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Historyof
the Button   Bill DeRouchey
Hello.
This incarnation of the History of the Button was
presented at SXSW on March 12, 2010.

This slide deck is slightly different from the live
presentation. The main difference is that the videos
that were in the presentation have been translated
here to stills as best as possible.

Enjoy.
                                  Also, narration boxes like this are
Bill DeRouchey                    extra notes to help fill in context
                                  where necessary and point out
bill.derouchey@gmail.com          where this version differed from
@billder                          the live presentation.
About the audio.
If you’re listening to the audio, sorry about the bad
quality for the first 12 minutes. SXSW somehow cut
off the first 12 minutes.

To make up for it, I had to slice in the audio from
my FlipCam recording, which was better than
nothing.

If you’re not listening to the audio, then it doesn’t
matter at all. Carry on.
This is astory
     that spans over
           100 years...
As a contrast to SXSW
which focuses so much on
the Now and the Future.
... about how we got from
here         to   here...
buttons
... about how
have changed how
    we understand
  our world...
buttons
... about how
have changed how
   ...
        think.
     we understand
  our world.
Products                            Movies




Advertisements                      Screens



           We’ll take almost an anthropological
           approach by looking at these items
           to examine the history of the button.
1910 1956
          1984 2010



      These were all movies in
      the original presentation.




The simplest motion.
1910 1956
            1984 2010



        These were all movies in
        the original presentation.




is just push the button.
This was a movie in the original
presentation (from Apple.com).




  We’re in a transition....
This was a movie in the original
presentation (from Apple.com).




 a transitiontransition....
 We’re in a to Surface.
Transitions
 are interesting...


because that’s when our
  brains change.
Generations of Interaction

1 Lever
2 Button
                                               now
3 Surface
4 Fluid             We are currently in a transition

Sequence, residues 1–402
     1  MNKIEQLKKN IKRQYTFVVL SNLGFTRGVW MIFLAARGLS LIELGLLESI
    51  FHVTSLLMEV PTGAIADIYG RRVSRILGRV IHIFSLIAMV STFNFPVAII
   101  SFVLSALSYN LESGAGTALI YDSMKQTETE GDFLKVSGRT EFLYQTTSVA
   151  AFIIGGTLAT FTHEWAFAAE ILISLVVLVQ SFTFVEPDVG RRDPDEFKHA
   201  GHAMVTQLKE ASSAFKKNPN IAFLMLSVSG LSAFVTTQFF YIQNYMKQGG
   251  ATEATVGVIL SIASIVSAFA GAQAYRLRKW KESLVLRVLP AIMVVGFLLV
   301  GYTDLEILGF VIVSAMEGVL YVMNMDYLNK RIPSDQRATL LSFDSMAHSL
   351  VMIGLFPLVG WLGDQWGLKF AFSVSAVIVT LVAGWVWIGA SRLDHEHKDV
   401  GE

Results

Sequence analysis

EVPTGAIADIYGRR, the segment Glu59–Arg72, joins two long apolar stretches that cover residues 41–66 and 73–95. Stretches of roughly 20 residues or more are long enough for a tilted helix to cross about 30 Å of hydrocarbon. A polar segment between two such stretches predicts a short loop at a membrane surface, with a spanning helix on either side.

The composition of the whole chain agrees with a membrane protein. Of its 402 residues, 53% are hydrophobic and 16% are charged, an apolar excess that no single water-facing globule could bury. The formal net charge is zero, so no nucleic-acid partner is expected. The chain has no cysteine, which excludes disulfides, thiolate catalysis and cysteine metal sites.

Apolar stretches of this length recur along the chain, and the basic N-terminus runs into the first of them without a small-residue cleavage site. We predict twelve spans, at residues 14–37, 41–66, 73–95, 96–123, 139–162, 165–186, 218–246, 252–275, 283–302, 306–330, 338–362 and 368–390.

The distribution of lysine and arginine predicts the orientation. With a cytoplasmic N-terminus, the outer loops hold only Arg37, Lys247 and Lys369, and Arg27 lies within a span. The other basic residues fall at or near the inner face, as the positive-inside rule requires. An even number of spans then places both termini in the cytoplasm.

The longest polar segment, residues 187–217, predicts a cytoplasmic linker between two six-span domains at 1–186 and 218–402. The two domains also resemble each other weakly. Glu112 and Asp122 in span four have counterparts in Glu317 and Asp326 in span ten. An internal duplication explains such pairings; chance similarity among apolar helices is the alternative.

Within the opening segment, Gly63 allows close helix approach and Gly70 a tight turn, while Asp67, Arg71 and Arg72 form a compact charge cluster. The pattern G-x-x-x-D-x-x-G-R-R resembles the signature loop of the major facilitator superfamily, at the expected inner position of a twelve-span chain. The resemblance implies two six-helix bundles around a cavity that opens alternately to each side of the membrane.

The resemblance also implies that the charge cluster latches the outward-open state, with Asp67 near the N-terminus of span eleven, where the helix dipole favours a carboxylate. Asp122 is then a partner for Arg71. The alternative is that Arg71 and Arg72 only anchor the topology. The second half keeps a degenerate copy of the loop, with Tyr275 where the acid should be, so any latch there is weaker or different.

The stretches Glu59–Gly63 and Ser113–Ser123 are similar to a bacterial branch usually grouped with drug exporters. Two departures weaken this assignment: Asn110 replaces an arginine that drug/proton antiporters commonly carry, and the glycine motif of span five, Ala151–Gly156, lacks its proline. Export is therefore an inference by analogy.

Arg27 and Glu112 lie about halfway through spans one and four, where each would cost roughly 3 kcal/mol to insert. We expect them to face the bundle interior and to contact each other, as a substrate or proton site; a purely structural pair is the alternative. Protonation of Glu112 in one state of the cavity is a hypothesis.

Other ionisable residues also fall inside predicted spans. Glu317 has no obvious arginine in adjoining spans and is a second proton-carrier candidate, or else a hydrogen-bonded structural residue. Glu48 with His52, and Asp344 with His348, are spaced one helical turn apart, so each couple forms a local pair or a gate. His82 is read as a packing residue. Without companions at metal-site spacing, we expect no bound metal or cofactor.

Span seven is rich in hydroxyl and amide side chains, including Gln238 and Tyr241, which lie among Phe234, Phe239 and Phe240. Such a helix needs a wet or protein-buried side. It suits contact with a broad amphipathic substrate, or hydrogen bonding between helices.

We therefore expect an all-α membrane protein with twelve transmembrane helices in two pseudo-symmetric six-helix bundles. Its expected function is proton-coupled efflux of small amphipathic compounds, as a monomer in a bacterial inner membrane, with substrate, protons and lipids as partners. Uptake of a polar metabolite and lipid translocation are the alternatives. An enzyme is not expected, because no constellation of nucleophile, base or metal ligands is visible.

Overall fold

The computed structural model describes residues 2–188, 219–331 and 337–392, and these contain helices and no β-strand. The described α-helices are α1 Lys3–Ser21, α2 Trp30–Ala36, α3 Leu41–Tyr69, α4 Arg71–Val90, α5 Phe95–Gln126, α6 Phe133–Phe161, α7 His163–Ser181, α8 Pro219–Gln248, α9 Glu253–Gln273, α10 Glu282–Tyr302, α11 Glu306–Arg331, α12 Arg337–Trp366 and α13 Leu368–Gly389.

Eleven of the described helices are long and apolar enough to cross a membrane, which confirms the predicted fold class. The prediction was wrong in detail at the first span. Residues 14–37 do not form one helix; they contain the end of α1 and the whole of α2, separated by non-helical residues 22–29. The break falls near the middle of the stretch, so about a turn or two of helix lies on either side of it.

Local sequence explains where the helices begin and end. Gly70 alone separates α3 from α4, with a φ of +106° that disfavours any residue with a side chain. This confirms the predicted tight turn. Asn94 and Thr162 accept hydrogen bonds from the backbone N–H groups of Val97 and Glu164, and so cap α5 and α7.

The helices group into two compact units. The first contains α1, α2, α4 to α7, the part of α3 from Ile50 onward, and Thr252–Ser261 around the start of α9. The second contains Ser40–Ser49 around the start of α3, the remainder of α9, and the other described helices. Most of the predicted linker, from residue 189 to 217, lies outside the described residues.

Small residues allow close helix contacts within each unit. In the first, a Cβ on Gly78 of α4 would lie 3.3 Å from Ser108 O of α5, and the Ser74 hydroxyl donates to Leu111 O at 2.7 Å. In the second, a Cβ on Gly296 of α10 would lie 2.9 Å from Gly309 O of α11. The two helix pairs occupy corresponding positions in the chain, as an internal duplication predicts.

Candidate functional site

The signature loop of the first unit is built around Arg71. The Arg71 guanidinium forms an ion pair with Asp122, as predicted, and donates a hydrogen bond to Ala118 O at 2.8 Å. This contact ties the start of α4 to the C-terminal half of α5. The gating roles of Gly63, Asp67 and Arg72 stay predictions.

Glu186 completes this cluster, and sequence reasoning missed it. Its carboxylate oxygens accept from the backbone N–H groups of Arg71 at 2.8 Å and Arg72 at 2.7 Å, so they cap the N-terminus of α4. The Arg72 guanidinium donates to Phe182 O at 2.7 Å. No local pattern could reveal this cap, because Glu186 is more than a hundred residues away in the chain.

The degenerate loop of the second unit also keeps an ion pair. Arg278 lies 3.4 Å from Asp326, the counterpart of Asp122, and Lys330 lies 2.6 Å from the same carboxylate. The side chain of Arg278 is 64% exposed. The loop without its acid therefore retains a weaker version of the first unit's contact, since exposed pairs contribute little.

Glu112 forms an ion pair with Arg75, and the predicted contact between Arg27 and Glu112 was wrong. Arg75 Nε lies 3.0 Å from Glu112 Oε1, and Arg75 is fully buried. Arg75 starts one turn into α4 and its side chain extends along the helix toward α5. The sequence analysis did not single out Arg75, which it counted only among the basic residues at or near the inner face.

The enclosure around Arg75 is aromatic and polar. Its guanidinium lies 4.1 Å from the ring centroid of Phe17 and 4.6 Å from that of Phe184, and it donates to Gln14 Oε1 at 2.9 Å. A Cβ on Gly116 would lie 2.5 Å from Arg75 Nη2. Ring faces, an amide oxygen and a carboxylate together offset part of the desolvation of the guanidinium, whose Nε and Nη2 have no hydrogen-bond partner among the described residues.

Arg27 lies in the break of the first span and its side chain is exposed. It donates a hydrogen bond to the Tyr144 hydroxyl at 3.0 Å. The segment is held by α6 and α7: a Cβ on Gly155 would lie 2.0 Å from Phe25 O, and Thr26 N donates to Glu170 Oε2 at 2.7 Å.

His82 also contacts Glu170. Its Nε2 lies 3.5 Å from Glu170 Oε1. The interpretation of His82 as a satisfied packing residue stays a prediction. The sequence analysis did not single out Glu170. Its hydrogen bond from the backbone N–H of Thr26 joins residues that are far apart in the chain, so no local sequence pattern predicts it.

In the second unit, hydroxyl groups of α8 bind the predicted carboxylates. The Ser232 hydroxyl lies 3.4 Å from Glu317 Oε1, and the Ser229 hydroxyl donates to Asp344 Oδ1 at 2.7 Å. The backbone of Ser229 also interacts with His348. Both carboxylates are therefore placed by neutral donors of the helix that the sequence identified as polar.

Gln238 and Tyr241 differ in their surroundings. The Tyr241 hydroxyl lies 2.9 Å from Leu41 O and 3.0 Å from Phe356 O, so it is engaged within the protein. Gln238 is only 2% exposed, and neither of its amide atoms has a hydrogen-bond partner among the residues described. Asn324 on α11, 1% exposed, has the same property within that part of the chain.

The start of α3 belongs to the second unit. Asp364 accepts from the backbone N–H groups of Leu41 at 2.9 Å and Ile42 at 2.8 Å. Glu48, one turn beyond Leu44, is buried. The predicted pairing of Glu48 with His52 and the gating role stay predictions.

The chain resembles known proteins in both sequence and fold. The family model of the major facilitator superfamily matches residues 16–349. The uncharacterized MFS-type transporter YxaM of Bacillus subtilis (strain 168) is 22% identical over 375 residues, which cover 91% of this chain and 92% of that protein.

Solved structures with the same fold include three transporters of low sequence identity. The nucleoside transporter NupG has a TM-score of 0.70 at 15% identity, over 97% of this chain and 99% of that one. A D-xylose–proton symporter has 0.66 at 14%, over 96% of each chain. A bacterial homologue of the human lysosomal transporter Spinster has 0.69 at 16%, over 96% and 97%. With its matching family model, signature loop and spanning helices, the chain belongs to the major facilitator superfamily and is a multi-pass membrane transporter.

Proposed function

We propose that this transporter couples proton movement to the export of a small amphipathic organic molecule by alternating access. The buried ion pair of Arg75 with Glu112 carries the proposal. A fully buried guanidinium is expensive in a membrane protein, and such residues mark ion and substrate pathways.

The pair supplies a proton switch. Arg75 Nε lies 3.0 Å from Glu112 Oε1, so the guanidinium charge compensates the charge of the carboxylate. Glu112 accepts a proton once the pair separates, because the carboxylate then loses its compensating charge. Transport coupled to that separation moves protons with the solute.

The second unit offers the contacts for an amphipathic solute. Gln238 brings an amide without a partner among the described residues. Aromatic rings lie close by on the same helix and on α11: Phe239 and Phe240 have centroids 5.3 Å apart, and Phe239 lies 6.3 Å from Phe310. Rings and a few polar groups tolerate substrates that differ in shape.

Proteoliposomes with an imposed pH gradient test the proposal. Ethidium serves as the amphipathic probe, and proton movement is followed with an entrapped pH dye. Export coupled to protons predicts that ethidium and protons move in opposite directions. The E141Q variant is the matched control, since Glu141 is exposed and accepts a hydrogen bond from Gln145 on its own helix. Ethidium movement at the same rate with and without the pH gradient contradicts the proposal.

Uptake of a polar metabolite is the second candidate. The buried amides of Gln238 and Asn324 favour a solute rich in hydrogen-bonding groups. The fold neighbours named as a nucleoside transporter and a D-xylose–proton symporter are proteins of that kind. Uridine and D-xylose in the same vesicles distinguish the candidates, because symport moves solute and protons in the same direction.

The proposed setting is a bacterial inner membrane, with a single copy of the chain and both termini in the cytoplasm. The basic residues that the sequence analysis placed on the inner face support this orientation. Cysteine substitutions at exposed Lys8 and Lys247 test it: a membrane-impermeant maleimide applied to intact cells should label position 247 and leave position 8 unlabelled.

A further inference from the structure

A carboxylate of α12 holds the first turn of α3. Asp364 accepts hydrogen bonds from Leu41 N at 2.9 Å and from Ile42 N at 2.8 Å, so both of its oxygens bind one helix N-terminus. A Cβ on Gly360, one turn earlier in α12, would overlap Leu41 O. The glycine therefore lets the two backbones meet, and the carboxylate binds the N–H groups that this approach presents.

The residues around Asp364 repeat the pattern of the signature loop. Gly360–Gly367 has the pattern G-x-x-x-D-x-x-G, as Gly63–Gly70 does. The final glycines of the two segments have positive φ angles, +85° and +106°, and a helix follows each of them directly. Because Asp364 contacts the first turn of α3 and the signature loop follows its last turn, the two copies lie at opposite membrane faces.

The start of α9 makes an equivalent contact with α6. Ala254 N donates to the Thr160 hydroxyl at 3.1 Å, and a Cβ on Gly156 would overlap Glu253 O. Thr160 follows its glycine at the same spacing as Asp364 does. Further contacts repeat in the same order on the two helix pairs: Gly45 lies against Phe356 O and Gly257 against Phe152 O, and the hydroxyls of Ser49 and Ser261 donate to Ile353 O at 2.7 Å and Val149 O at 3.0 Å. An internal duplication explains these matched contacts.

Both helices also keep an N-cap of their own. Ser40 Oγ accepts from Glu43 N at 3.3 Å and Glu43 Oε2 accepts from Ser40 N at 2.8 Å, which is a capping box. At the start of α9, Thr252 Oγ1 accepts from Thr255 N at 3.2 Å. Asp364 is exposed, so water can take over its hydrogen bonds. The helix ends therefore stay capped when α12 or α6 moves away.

from a button era to a surface era.
Generations of Interaction

1 Lever                                   1900
2 Button
3 Surface
4 Fluid              We should look to the previous
                     transition to understand today.
We are a bunch of smart
             monkeys. We figured out
             how to use the objects in
             the world around us to
             augment our human motion.
             Bones into shovels. Sticks
             into rakes. Iron into gears.




We love our tools.
For example, a gun can
simply be understood as
throwing a rock, a tiny
rock, much faster and
with greater accuracy.
Pressing on the keys of
a piano simply triggers a
hammer hitting a string.
Motion is augmented.
You can see the
     Action.



    In the mechanical era, you
    can see action happen, see
    how one motion affects
    another. You can follow the
    results from action to result.
Levers
   scale motion.

Scaling
is the mechanical age.
Compressed
Time


Major advances in technology actually
change how we perceive the world.

For example, train travel compressed our
sense of time between faraway places.
The telegraph changed our sense of connection
over distance. Instant communication across
hundreds of miles for the first time.




             Compressed
  Distance
But the button meant for the
first time, the result of a human
motion could be completely
different from the motion itself.




                                     Abstracted
                                    Motion
The motion Push
  does not scale to
the result Light.



       This abstracted interaction with
       technology represented a new
       way to comprehend the world.
Buttons
   abstract motion.

Abstraction
 is the electronic age.
What was the
             first button?

This might be the most common
question people ask me.
The flashlight was the first simple
                  everyday button. It revolutionized
                  our sense of light.

   What was the
       first button?


1898
Buttons
   enter

Daily Life
George Eastman of
Kodak introduced
cameras for regular
people.




                      1890s
Eastman used the